Utility skills have also moved at which level they unlock, and again…it isn’t an improvement. Skill seven unlocks at level 13, skill eight unlocks at level 24, skill nine unlocks at level 35, and you don’t get your elite until you’re level 40. Halfway through leveling up and you just get to start playing with an elite. Again, I don’t understand the logic behind that. Not only are those levels silly (what’s wrong with 5, 10, and 20?), but every eleven levels is just far too long, and you won’t even have all of your skills by the time you’re of a level to start being able to poke at dungeons.
It becomes worse when you compound that fact with the trait update from the April feature patch. It’s hard enough to play without any traits – and I’ve leveled two characters since the April feature patch. Even with lower-level areas being rebalanced to match the fact that you lack traits, those first 30 levels are a long slog to push through. Getting a single trait point at 30 helped a bit, but the larger help was having my elite skill available. Every profession is helped greatly by having their elite available. With some professions, it’s all but necessary. The characters I leveled that were made after April were a thief and an elementalist. I struggled with them quite a bit, and I’d leveled both of those professions before; my new ele was also my 12th level 80. How’s a new player going to feel trying to level?
One of the other big changes was how personal story was changed. Now, people on the forums are reporting that later parts of the personal story are all a mess (apparently an entire storyline arc is completely gone), but as I’m focusing on the early stuff, I won’t really touch that. We all know how personal story was done before yesterday; it was always available to you, each step having a recommended level, but really you could do it whenever you wanted, so long as you could survive. If you wanted the challenge of doing it several levels early? Go for it! Well, not anymore. The story is now locked into chapters and cannot be accessed at all until a certain level.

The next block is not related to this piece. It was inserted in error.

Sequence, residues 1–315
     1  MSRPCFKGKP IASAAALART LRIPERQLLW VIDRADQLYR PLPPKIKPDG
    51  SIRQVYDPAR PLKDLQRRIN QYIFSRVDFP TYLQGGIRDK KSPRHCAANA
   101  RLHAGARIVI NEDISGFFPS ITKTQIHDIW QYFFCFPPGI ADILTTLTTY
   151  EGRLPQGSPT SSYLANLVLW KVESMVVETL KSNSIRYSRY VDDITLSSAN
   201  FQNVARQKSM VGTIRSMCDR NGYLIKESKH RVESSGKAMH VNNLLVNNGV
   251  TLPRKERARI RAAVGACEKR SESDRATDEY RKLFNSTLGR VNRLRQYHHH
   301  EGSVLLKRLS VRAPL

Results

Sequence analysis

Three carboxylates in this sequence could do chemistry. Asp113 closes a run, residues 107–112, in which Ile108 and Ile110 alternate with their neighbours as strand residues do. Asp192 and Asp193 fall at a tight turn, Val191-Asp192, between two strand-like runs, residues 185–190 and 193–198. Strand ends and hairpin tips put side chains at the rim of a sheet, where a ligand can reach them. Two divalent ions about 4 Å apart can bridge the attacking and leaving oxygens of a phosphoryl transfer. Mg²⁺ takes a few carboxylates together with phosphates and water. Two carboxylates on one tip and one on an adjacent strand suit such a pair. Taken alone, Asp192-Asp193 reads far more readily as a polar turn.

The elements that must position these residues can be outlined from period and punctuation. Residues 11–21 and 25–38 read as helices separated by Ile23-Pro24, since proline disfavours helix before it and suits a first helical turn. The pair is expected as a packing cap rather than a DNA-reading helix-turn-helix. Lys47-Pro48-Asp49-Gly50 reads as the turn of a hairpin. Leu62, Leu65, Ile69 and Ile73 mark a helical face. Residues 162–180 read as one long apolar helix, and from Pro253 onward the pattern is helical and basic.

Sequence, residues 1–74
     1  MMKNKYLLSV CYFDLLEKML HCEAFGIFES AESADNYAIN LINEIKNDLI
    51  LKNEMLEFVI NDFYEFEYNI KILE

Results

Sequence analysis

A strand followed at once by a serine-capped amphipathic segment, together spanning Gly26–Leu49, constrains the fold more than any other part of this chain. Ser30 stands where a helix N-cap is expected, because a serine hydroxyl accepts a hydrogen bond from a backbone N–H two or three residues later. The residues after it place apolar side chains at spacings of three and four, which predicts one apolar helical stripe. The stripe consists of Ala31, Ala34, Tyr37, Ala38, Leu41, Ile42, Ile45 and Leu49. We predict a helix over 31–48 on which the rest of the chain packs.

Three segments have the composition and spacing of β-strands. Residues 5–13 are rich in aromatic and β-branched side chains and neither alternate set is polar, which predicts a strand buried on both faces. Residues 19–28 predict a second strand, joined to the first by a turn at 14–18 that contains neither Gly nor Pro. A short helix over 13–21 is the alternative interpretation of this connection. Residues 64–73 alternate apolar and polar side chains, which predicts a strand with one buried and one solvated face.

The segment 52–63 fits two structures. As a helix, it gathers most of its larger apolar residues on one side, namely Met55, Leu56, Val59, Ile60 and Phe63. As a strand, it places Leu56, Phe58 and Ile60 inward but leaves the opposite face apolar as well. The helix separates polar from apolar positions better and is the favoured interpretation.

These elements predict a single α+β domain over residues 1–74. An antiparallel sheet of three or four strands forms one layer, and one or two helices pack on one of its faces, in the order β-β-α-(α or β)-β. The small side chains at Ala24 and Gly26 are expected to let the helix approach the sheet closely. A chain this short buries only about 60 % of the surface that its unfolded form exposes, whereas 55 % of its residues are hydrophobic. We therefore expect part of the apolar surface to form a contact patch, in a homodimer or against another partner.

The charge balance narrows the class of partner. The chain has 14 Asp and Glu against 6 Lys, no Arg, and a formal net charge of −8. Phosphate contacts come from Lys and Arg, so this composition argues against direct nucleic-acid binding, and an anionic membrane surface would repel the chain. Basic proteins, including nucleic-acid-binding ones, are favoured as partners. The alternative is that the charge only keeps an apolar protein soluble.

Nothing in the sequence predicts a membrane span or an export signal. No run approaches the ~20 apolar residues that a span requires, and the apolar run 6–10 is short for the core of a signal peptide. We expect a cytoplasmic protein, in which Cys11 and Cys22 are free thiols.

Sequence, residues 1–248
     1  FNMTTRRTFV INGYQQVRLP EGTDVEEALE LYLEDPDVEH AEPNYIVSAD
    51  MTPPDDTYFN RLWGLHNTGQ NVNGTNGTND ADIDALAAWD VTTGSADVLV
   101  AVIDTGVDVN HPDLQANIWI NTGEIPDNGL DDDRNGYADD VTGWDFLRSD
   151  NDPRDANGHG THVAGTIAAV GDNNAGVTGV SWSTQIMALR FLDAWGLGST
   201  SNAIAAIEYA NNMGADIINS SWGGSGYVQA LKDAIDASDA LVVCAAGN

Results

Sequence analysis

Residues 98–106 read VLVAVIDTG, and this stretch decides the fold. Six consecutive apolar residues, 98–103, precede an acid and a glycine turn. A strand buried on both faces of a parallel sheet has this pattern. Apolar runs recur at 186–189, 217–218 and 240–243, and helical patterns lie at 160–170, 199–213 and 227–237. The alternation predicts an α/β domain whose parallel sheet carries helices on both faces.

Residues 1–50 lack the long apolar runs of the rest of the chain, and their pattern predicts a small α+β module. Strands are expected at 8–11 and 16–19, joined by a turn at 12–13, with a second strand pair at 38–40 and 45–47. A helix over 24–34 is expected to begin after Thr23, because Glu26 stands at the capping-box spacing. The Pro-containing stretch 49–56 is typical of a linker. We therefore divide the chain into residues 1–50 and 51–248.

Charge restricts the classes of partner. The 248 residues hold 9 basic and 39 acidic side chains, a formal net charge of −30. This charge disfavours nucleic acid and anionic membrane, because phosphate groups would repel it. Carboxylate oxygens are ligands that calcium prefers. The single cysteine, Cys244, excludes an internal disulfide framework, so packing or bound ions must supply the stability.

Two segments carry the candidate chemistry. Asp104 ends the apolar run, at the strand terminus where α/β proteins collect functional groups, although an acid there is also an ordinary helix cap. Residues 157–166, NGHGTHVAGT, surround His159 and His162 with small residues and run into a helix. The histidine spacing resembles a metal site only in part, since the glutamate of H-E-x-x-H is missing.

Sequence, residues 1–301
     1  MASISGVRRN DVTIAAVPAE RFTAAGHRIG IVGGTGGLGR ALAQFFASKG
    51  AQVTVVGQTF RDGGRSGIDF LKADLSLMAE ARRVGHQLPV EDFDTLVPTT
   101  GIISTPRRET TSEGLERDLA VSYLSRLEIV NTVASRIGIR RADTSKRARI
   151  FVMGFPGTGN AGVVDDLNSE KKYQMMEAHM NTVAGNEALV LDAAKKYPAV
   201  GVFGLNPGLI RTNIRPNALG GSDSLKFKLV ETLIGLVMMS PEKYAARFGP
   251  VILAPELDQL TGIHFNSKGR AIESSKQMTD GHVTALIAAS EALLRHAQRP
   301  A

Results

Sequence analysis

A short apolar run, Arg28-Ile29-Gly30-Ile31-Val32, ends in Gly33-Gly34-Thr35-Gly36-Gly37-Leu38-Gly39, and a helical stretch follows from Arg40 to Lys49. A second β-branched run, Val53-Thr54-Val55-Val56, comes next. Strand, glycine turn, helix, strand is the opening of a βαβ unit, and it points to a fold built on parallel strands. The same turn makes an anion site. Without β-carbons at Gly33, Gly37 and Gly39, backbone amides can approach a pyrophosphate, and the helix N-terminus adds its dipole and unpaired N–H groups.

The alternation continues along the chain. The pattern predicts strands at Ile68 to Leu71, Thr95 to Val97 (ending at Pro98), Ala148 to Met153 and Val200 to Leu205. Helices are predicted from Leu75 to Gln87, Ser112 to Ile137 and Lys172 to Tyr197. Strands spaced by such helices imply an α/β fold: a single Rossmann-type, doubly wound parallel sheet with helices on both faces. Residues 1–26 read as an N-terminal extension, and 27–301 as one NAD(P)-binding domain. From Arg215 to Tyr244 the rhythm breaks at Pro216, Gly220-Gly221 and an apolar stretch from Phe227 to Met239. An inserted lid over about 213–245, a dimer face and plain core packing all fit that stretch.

This bothers me, a lot. One of the things that I always loved about GW1 and GW2 is that it threw you into the story immediately – no silly grinding of early levels before you got to do anything interesting as is the case in so many other games. You got to start out the story as soon as you started your character. You cannot do that anymore, and it makes early levels feel…very empty. Almost boring. There’s a dearth of things to do, and where the UI formerly held your next story step, thus far it’s just been directing me from heart to heart.
I don’t even dislike hearts all that much. Some are incredibly annoying, but they don’t bother me. I know a lot of players actively dislike them, and I know that the main reason they exist is to act like quests do in typical MMOs. But I feel like using them to carry early content is a bad idea. They really aren’t engaging content, and they don’t do a good job of showing off the game. Sure, personal story is far from perfect, but the racial parts – the first 30 levels – are in fact quite good. Part of me understands wanting to make it so you can play through it all in one go, but then they should have done something a bit different there. Unlock the first chapter at level 5, as just going through it straight will take you to level 10 easily, for example.